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WASHINGTON – It’s not every day – or any day, really – that a middle-school teacher from Western New York gets to ask the secretary of state questions about the hottest issue in world affairs.

But it happened Tuesday, hours before President Obama was to address the nation about Syria’s recent use of chemical weapons against its own people.

Thanks to his activism on the Syria issue, Andrew Beiter, an eighth-grade teacher at Springville Middle School, found himself on a Google+ “hangout” – or video chat – with Secretary of State John Kerry, New York Times columnist Nicholas Kristof and Lara Setrakian, who runs the Syria Deeply website.

And Beiter, in his first question to Kerry, went deep, asking the secretary of state a question raised by a Springville teaching colleague, Joe Karb.

“While everyone gets the major issues associated with the use of chemical weapons, why is it that there’s such a concern now and not for the past year and a half, in which the death toll has gone to six figures?” Beiter asked Kerry.

In response, Kerry noted that the U.S. has spoken out repeatedly against Syrian dictator Bashar Assad’s attacks on his own people. But he added: “There hasn’t been a will in the global community, let alone in our own community, to get involved in Syria’s civil war. That’s the way people see it, that it’s that kind of internal struggle.”

For his part, though, Beiter has been very involved. Apart from his teaching, Beiter is director of youth education at the Robert H. Jackson Center and a regional education coordinator for the U.S. Holocaust Museum.

What’s more, he founded the Summer Institute for Human Rights and Genocide Studies, which seeks to involve students in human rights activism and the prevention of mass murder.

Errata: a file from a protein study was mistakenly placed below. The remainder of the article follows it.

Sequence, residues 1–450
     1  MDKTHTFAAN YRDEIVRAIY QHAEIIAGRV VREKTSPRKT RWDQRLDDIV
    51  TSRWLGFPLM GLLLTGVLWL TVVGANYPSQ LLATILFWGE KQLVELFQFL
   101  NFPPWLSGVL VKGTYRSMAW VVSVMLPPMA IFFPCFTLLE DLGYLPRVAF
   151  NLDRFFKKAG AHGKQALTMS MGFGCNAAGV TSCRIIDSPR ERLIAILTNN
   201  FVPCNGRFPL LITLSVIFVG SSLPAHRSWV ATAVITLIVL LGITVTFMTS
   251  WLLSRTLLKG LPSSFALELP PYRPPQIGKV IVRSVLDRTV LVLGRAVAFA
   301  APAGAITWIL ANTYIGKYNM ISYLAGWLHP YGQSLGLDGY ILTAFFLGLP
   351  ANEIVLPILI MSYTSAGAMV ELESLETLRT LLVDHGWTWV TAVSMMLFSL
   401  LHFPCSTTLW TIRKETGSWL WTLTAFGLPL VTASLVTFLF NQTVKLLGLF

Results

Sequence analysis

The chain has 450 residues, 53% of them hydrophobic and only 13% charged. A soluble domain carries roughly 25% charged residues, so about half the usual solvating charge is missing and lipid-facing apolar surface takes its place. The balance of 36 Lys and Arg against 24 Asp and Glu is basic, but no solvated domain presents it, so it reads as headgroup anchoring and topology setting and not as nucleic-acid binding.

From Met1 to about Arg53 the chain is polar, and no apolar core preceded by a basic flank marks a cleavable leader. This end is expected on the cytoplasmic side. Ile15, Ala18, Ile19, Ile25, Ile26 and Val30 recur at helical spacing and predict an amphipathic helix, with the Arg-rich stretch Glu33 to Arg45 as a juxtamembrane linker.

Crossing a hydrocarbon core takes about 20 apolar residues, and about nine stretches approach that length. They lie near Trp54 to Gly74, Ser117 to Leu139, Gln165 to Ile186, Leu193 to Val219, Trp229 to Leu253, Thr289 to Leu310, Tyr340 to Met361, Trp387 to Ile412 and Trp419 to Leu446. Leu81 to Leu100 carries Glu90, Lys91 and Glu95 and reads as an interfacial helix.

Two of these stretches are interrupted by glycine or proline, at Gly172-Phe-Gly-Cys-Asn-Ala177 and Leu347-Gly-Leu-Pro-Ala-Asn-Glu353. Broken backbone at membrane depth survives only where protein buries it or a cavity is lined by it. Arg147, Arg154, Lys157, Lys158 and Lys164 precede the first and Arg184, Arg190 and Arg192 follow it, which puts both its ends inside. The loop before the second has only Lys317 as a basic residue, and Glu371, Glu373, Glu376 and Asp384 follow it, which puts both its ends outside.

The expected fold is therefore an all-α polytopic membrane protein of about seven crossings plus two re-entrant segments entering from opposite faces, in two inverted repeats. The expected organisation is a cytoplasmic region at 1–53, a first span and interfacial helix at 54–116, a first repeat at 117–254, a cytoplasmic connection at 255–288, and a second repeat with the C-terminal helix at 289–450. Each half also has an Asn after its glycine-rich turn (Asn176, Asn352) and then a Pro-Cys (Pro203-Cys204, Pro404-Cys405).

And last year, the Summer Institute joined with David Crane, a former war crimes prosecutor who teaches law at Syracuse University, and Syrian human rights activist Ammar Abdulhamid to form IAmSyria.org, a website where students can learn about the Syrian conflict through interactive lessons.

All that work drew the attention of Setrakian, an oft-quoted expert on Syria. So when Setrakian scheduled a Google+ chat with Kerry, she invited Beiter to participate.

He drove down to the Google+ studio in New York to take part, and even though he said afterwards that he was nervous, Beiter looked like a polished interviewer, unafraid to ask the secretary of state tough questions.

Citing a question from a high school teacher in Dallas, Beiter told Kerry: “Her students are incredulous and want to know where the U.N. is at” on the Syria crisis. “If you can, just please elaborate: why, in your opinion, is the U.N. so visibly absent on this issue?”

Kerry responded by noting that Russia and China have repeatedly blocked U.S.-backed efforts to get the U.N. more involved – and by stressing that the U.S. must act now to protect its own long-term security.

There could be grave consequences for U.S. security in the long run if Assad’s use of chemical weapons were to go unpunished, Kerry said. That would mean, he said, that a century-old ban on chemical weapons had, in effect, expired and that U.S. troops might have to face them on the battlefield some day.

Beiter said he was pleased that Kerry had spelled out the stakes of inaction in Syria in such stark terms.

“We were all certainly impressed with the nuance in his answers and the depth in his answers,” he said.

Above all, Beiter said he was pleased that the half-hour session did just what he’s been doing for quite some time: spreading the word about the horrors the Syrian people are experiencing.

“I’m really happy with how things went,” Beiter said. “Anything we can do to get the word about the human suffering in Syria and any possible solution is music to my ears.”

email: jzremski@buffnews.com